The Goldring Centre for High Performance Sport hosted a free sports-themed kiki ball on February 7, featuring several competitions where prizes could be won. The kiki scene emerged in the Black and Latino LGBTQ+ communities in 1920’s New York City, and the balls themselves feature individuals who compete before a panel of judges in various categories. The event was hosted by the U of T Sport & Rec division in partnership with the Toronto Kiki Ballroom Alliance.
The main gymnasium was turned into a celebration of a queer subculture, with loud music serenading the entire fieldhouse while all the attendants gathered around a runway. The ball featured vogue dancing — which inspired Madonna’s 1990 music video “Vogue” — and runway competitions. The first was the “Virgin Runway,” in which U of T students, who made up the majority of the competitors, were required to wear blue clothing. Contestants all walked one by one, and then in pairs, until there was only one competitor remaining.
There was also the “On the Jumbotron” event, in which contestants wore sports jerseys and served looks down the runway. People of all ages joined in, sporting the jerseys of Kobe Bryant, LeBron James, Phillip Dorsett, the Toronto Maple Leafs, and the Toronto Blue Jays. This was followed by the “Best Courtside Look” category, which involved some of the most memorable looks of the evening, as contestants aimed to emulate the outfits that their favourite celebrities have donned at the courtside of NBA games. “Referee” was also a memorable category, where a handful of contestants were required to wear black-and-white stripes.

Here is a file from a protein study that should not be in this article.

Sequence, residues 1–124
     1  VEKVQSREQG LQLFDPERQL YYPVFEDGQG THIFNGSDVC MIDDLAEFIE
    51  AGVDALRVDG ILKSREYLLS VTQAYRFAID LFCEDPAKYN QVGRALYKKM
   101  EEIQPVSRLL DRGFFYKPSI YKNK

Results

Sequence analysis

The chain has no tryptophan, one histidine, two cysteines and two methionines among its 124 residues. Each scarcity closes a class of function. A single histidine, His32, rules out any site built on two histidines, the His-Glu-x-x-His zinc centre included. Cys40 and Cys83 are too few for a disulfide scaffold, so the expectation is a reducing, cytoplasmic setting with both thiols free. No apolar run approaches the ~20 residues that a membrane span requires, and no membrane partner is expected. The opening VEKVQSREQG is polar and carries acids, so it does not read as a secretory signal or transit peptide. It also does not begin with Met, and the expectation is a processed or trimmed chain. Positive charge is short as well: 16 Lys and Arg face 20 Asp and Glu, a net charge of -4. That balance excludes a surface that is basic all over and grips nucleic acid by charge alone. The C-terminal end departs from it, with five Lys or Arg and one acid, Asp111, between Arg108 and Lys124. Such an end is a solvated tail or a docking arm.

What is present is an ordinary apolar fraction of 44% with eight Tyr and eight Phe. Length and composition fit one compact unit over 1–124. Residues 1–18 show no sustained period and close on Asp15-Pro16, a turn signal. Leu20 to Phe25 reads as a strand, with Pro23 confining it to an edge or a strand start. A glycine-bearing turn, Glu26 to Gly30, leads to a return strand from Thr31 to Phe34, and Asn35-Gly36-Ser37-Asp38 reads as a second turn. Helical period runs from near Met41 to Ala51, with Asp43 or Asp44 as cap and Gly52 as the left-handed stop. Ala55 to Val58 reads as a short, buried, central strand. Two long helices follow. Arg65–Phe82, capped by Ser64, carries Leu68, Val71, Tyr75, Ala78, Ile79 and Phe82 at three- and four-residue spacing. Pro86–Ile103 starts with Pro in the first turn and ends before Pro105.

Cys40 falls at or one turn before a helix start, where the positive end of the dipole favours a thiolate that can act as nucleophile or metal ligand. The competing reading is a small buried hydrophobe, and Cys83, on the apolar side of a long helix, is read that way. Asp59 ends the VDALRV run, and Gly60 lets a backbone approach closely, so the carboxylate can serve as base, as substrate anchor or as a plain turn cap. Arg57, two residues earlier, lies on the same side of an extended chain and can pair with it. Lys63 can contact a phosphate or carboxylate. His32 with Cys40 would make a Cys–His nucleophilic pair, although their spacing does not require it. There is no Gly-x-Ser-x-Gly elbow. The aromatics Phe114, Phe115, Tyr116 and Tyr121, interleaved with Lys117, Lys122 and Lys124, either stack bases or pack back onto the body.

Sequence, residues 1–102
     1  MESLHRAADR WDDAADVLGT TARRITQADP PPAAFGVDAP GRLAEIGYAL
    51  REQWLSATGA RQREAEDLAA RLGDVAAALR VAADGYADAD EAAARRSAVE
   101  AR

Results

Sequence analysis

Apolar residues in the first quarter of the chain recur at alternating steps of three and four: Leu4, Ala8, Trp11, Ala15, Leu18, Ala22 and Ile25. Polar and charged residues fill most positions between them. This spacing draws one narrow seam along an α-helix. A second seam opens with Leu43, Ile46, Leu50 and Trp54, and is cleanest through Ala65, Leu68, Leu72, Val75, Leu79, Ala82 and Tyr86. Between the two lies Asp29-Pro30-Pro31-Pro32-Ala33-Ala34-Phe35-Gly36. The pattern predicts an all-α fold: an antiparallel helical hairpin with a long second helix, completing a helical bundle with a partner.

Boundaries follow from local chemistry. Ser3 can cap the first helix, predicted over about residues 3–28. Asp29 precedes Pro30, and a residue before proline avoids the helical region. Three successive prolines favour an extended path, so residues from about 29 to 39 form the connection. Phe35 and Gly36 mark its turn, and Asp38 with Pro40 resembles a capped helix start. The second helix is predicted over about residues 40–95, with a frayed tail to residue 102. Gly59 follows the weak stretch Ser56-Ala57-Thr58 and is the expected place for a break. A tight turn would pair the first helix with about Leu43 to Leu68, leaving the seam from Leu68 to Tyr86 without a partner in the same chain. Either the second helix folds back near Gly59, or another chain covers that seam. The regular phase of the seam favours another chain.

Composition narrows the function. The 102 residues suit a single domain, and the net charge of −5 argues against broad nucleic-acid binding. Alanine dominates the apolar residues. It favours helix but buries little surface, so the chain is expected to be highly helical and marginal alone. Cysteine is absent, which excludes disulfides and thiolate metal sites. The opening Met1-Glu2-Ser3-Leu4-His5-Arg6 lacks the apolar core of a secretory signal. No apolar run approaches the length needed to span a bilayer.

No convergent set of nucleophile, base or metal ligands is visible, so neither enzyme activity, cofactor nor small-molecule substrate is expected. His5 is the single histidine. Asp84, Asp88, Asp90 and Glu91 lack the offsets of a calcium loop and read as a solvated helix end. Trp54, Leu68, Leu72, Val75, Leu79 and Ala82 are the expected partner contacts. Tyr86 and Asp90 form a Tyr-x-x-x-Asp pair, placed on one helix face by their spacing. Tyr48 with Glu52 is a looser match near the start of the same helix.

“We’re trying to engage students and the community in physical activity that maybe there’s not as much opportunity for, [students] that maybe don’t feel as safe in our spaces with the traditional physical activity that we offer,” said Robin Waley, Assistant Manager of Co-Curricular Diversity & Equity at U of T’s Faculty of Kinesiology and Physical Education. “So we try to reach these underserved communities and provide access to programs. Voguing is a really important form of physical activity, style of dance, culture for the Black and brown queer community.”
Kiki ball culture has been an important source of community and culture to queer people of colour, mainly occurring in nightlife scenes. When asked about the importance of these types of events on campus, Waley said, “The campus is not accessible. Let’s be real. We have a lot of work to do as a university, and if we work together, we can accomplish creating opportunities within equity, diversity, and inclusion for everybody, which is the work that we still need to do.” He said that the university still has a lot to do, but with events like this one they hope to create more equitable spaces on campus.
Before the event, there was a vogue workshop, where beginners could attend and learn the dance style. “I like seeing students here that come to the vogue classes and they’ve never done this before and their friends are here to support them,” said diversity and movement intern Sandakie Ekanayake to The Varsity. “And that’s really great to see.”
“Having this in this building is a big step forward to queering heteronormative space,” Ekanayake concluded.